Project tutorial
3D Printed Lunar Phase Clock

3D Printed Lunar Phase Clock © CC BY-NC-SA

Build a 3D printed Lunar Phase Clock for your desk or nightstand.

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Components and supplies

Necessary tools and machines

3D Printer (generic)

Apps and online services

About this project

If you don't know what to print with your 3D printer, here you have an easy project. Build a 3D printed Lunar Phase Clock for your desk or your nightstand.


Detailed 3D printed Lunar model by Dexter_New_Materials:

  • Open Tools (Ubuntu/FreeCAD/Arduino)
  • Open Source/Hardware
  • Cheap HW (Arduino, cheap LCD)
  • Only 79 grams of filament.
  • Precise Lunar Phase Simulation
  • Alarm
  • Wake-light alarm mode
  • Date Thermometer
  • Hygrometer
  • Lamp mode
  • Moon FX modes (Relax, Party)
  • Bright control
  • Adjustable tilt

Step 1: Part list and tools

Parts List:

  • Arduino compatible Nano (Atmel ATmega328)
  • 0,96'' OLED 128x64 with SSD1306 chip (only 4 pins)
  • Neopixel or APA102C (18 LEDs from a 60 pixel per meter strip)
  • Tiny RTC (DS1307 real time clock + 24C32 EEPROM)
  • DHT11 (if it include the pull-up resistor, much better)
  • Buzzer
  • 3 Push Buttons (RAFI


Computer with Arduino software:

  • 3D printer
  • Soldering Iron
  • Glue Gun
  • Wire stripper
  • Cutter
  • Electrical Tape
  • Loose wire

Step 2: Building the Parts

Download parts from Thingiverse or from GitHub.

I have printed them using PLA with the (BQ Prusa i3 Hephestos), these are the printer settings:

  • Layer Height = 0.2 mm
  • Wall Thickness = 1 mm
  • Top Thickness = 1 mm (5 layers)
  • Bottom Thickness = 0.2 mm (1 layer)
  • No need for Rafts or supports.
  • For the Moon Infill Density = 0% , for the rest of the parts infill Density = 100%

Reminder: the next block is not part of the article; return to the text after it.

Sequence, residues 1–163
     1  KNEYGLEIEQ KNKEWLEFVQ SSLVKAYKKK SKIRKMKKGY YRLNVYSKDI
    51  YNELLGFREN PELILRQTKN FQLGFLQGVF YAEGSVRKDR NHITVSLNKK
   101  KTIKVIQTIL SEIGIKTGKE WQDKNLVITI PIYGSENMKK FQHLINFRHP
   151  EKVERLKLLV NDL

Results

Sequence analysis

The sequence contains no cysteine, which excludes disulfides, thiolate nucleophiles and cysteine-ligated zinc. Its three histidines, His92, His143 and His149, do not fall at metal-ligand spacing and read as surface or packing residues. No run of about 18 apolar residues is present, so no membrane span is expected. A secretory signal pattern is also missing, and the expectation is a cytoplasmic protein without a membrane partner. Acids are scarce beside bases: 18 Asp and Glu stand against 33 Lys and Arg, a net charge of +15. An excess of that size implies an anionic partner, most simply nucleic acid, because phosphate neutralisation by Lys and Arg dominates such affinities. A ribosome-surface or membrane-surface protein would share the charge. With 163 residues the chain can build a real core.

In total, you will use just 79 grams of PLA. Check the screen-shoots of Cura, for further details. Moon is a bit tricky as you have to move on the Z axis down 5 cm. Or just download a cut version that JetGuy "Unknown" has created using Netfabb.

Step 3: LED Support

A strip of Neopixel or Dotstar LEDs can be used; it's recommended to use a strip of 60 pixels per meter. Cut the LED strip into six pieces of three LEDs. You must be careful, and follow the arrow. This is the orientation seen from the back of the moon.

|  1  |   6  |  7  |  12  |  13  |  18  |
|  2  |   5  |  8  |  11  |  14  |  17  | 
|  3  |   4  |  9  |  10  |  15  |  16  |

Once the strip is placed, to fix it, use a hot glue gun.

Step 4: Building the Circuit

So, now that you have all your parts printed you are ready to build your circuit. First introduce the Arduino, then the buttons to fix the Arduino. Using Double-Sided Bonding Tape fix the DHT11, use one that include already the pull-up resistor.

Then wire the buttons - first of all the GND. Add the Tiny RTC.

If you have a 3,6V LIR2032 battery, great! You don't need the next step. If it contains a 3V CR2032 battery, be careful you should have made this little modification:

  • Introduce the Arduino
  • Add the buttons to fix the Arduino
  • Add the buzzer (depending of the buzzer, maybe you will need to add a resistor)
  • Add the wire that will connect to the LED of the moon
  • Add the wires that will connect to the display

Step 5: Running the Code

You should have the Arduino IDE installed (I'm using 1.6.12). If so, then the first step is to download the libraries here.

Restart the Arduino IDE and load the software; you will find the latest version here.

Compile it, upload it, and enjoy it! Nice new features will be added soon.


Custom parts and enclosures




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